The author of several scholarly texts, Kahneman (Emeritus Psychology and Public Affairs/Princeton Univ.) now offers general readers not just the findings of psychological research but also a better understanding of how research questions arise and how scholars systematically frame and answer them. He begins with the distinction between System 1 and System 2 mental operations, the former referring to quick, automatic thought, the latter to more effortful, overt thinking. We rely heavily, writes, on System 1, resorting to the higher-energy System 2 only when we need or want to. Kahneman continually refers to System 2 as “lazy”: We don’t want to think rigorously about something. The author then explores the nuances of our two-system minds, showing how they perform in various situations. Psychological experiments have repeatedly revealed that our intuitions are generally wrong, that our assessments are based on biases and that our System 1 hates doubt and despises ambiguity. Kahneman largely avoids jargon; when he does use some (“heuristics,” for example), he argues that such terms really ought to join our everyday vocabulary. He reviews many fundamental concepts in psychology and statistics (regression to the mean, the narrative fallacy, the optimistic bias), showing how they relate to his overall concerns about how we think and why we make the decisions that we do. Some of the later chapters (dealing with risk-taking and statistics and probabilities) are denser than others (some readers may resent such demands on System 2!), but the passages that deal with the economic and political implications of the research are gripping.

Striking research showing the immense complexity of ordinary thought and revealing the identities of the gatekeepers in our minds.

Pub Date: Nov. 1, 2011

ISBN: 978-0-374-27563-1

Page Count: 512

Publisher: Farrar, Straus and Giroux

Review Posted Online: Sept. 4, 2011

Kirkus Reviews Issue: Sept. 15, 2011

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Readers unfamiliar with the anecdotal material Greene presents may find interesting avenues to pursue, but they should...

MASTERY

Greene (The 33 Strategies of War, 2007, etc.) believes that genius can be learned if we pay attention and reject social conformity.

The author suggests that our emergence as a species with stereoscopic, frontal vision and sophisticated hand-eye coordination gave us an advantage over earlier humans and primates because it allowed us to contemplate a situation and ponder alternatives for action. This, along with the advantages conferred by mirror neurons, which allow us to intuit what others may be thinking, contributed to our ability to learn, pass on inventions to future generations and improve our problem-solving ability. Throughout most of human history, we were hunter-gatherers, and our brains are engineered accordingly. The author has a jaundiced view of our modern technological society, which, he writes, encourages quick, rash judgments. We fail to spend the time needed to develop thorough mastery of a subject. Greene writes that every human is “born unique,” with specific potential that we can develop if we listen to our inner voice. He offers many interesting but tendentious examples to illustrate his theory, including Einstein, Darwin, Mozart and Temple Grandin. In the case of Darwin, Greene ignores the formative intellectual influences that shaped his thought, including the discovery of geological evolution with which he was familiar before his famous voyage. The author uses Grandin's struggle to overcome autistic social handicaps as a model for the necessity for everyone to create a deceptive social mask.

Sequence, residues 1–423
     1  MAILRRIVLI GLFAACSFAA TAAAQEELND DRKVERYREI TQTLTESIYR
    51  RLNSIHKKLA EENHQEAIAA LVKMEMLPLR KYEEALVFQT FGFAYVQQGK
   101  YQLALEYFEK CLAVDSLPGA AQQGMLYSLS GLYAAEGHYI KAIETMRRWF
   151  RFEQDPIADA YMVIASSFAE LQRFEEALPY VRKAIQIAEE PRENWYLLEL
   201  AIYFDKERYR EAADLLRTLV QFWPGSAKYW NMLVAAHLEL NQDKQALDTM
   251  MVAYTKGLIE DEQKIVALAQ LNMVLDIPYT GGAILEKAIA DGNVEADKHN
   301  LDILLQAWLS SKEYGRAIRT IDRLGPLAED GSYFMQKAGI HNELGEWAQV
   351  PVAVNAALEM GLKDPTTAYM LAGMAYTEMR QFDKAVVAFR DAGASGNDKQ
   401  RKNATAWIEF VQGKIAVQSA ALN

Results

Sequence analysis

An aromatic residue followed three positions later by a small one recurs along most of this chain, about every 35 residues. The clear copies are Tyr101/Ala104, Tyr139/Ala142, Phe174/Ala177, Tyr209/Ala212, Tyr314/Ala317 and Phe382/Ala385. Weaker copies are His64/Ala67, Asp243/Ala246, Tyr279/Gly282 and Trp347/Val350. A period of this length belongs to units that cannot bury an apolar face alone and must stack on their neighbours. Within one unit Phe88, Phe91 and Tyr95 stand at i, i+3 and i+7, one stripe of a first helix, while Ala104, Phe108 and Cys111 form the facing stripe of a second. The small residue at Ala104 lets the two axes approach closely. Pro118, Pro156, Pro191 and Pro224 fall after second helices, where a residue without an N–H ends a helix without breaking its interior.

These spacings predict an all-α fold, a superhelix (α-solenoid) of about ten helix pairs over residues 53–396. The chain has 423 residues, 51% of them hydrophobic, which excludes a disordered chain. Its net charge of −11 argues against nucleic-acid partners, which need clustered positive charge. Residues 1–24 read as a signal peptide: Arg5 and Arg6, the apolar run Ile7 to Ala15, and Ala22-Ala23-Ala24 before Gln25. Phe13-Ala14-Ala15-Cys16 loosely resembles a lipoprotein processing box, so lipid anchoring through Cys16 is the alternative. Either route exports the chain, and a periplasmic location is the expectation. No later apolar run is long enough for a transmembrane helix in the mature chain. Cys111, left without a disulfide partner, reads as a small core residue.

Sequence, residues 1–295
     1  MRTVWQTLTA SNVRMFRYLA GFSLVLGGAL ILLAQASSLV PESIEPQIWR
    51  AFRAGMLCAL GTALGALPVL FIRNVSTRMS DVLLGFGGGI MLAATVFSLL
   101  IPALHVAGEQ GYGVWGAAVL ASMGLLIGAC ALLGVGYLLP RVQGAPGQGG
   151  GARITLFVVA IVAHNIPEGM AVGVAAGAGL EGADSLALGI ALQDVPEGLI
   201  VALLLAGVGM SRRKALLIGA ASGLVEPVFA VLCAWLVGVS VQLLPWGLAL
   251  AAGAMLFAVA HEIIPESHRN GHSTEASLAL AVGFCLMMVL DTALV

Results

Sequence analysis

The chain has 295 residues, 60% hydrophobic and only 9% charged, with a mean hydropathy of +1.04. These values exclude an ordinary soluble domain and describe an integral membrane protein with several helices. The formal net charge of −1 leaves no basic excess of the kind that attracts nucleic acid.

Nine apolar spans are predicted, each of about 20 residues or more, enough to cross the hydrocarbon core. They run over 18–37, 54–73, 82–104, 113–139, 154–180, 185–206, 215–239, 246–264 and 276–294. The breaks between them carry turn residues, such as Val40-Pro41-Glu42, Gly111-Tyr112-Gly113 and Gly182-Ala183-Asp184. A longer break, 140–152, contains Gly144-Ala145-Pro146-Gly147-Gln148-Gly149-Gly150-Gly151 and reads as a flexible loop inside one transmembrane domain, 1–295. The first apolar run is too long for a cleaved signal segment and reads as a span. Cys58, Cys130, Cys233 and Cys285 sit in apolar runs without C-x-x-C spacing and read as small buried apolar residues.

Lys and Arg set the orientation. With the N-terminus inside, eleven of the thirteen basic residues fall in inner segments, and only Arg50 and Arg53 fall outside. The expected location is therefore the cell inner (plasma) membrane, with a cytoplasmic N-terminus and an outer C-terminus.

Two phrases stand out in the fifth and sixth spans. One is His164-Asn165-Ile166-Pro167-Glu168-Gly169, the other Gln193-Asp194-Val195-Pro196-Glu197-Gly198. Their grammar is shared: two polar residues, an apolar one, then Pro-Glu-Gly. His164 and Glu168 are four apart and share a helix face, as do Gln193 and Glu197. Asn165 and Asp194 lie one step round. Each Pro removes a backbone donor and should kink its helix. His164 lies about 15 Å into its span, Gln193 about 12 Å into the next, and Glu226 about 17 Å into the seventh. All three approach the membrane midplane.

Readers unfamiliar with the anecdotal material Greene presents may find interesting avenues to pursue, but they should beware of the author's quirky, sometimes misleading brush-stroke characterizations.

Pub Date: Nov. 13, 2012

ISBN: 978-0-670-02496-4

Page Count: 320

Publisher: Viking

Review Posted Online: Sept. 13, 2012

Kirkus Reviews Issue: Oct. 1, 2012